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Detailed Comment #1 on Norquay Rezoning Specifications


A credible upper-range figure for the width of a single wide trailer sitting in a trailer park is 18 feet. The trailer inhabitant enjoys full use of that width, since interior stairway is not required for access to upper storeys. The specification for Rowhouse width under RM-7 should not be allowed to go below the already very narrow 16 foot mimimum specified in the 2010 Norquay Plan.

New Open House Panel vs Approved 2010 Norquay Plan

From materials presented on panels at the Norquay open houses of January 23/26, perhaps the most significant concern with regard to new housing types emerges in relation to one particular fuzzy specification for traditional rowhouse.

Panel 6 for RM-7 Rowhouse/Stacked Townhouse Zone says:

        On two or more lots:
        Rowhouses, approximately 4 units on 2 lots, depending on lot size

The Norquay Plan, as approved by Council on 4 November 2010 describes Traditional Rowhouse Zone in section 3.4. Under that heading, subsections 2 and 3 specify assemblages of two or more lots (measurements approximate) and in both instances state that each unit shall be:

        16 feet in width (minimum)

Conflation of Rowhouse/Stacked Townhouse

The 2010 Norquay Plan specified four new zones in Section 3.1 New Residential Zones:  Small House/Duplex, Traditional Rowhouse, Stacked Townhouse, Apartment Transition. Focus here is on the conflation of two of those zones.

First of all, the significant expansion of possibility for traditional rowhouse is welcome. As can seen from the single small yellow square area below, allocation in the 2010 Norquay Plan was a mere token.


The zoning areas mapped above for the 2010 Norquay Plan in Figure 2: Residential Neighbourhood Plan Designations (Appendix A, Page 10 of 40), were imposed on a Norquay Working Group that had expressed a clear and strong preference for the new housing type of fee-simple traditional rowhouse [see Appendix A]. Yet only one tiny area — bounded by East 34th Ave (North), East 37th Ave (South), Nanaimo St (West), Clarendon St (East) — was designated for that favored housing form.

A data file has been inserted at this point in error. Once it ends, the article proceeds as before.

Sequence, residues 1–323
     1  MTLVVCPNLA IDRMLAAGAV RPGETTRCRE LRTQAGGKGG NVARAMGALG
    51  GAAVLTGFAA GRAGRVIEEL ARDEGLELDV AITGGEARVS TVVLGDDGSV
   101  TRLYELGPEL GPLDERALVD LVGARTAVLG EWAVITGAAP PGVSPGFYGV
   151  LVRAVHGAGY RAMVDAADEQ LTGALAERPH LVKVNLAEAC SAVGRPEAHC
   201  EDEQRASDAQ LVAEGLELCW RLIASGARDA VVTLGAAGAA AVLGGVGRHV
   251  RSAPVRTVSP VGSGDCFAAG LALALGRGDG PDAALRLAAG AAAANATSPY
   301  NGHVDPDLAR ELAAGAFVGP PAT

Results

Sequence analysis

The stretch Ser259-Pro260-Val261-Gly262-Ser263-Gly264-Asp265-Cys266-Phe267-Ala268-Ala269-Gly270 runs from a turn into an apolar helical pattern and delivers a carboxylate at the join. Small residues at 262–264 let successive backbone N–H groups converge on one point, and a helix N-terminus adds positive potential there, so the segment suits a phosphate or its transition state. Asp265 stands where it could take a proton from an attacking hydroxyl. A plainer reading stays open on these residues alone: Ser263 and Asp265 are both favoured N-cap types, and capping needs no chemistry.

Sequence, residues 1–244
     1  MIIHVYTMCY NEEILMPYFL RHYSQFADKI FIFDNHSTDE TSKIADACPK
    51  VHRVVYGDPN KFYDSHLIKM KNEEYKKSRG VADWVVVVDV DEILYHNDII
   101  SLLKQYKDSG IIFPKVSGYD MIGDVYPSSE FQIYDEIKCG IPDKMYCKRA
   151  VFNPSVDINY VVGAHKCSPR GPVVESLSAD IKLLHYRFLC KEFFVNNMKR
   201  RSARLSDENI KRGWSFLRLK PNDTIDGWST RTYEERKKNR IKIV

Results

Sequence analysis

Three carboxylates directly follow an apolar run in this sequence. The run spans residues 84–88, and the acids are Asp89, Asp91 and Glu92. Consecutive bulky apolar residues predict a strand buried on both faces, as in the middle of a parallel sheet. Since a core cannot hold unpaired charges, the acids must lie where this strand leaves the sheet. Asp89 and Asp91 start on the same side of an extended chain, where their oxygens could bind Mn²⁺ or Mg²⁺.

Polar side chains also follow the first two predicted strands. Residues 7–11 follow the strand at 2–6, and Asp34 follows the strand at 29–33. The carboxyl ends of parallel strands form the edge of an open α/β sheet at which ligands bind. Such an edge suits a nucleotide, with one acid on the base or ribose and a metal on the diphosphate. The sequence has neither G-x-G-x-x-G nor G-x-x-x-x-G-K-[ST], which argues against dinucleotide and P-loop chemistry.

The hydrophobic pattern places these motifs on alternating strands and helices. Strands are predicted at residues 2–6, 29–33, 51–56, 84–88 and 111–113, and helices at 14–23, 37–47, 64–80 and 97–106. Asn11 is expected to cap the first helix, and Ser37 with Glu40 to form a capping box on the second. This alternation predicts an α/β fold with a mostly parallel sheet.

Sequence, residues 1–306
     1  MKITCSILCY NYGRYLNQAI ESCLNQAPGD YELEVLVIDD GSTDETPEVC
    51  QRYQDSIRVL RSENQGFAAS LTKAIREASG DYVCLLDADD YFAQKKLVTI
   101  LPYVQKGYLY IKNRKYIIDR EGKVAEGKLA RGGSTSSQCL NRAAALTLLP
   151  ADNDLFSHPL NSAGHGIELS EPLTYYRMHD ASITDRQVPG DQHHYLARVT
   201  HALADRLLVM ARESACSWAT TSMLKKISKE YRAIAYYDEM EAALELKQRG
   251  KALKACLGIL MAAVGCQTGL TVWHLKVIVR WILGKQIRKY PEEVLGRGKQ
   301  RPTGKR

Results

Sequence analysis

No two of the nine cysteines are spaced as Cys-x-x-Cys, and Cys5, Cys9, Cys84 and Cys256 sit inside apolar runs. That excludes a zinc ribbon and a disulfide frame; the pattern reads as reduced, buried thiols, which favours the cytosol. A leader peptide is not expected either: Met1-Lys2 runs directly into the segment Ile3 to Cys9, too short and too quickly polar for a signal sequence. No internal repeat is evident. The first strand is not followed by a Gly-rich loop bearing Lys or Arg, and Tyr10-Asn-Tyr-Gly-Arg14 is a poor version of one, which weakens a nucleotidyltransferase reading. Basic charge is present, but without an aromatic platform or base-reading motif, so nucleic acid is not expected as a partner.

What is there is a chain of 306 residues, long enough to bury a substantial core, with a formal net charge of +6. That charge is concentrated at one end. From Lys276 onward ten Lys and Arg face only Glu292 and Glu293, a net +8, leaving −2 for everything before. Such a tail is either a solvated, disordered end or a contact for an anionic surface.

Apart from out-of-the-blue “considerations” dumped onto the Norquay Plan at the last minute, minimization of rowhouse was one of the greatest insults ever visited upon Norquay. To follow up by reducing the minimum specified width could well vitiate the new happy expansion of scope for the rowhouse alternative.

Panel 2 from the January 2013 open houses and the mailed-out announcement for the open houses map out the conflation of the Traditional Rowhouse and the Stacked Townhouse zones. It seems curiously obfuscatory of the City of Vancouver to not provide this image at their current Norquay web site.

In the two-plus years that have elapsed since approval of the Norquay Plan as policy, with specifications of zoning to follow, BC provincial legislation has at last made fee simple tenure legally possible for the rowhouse type, thus eliminating the hobble that seemed to constrain planners [see Appendix B]. It will be interesting to see how nimbly glacial municipal bureaucracy manages to accommodate the realities of the rowhouse option [see Appendix C].

The Problem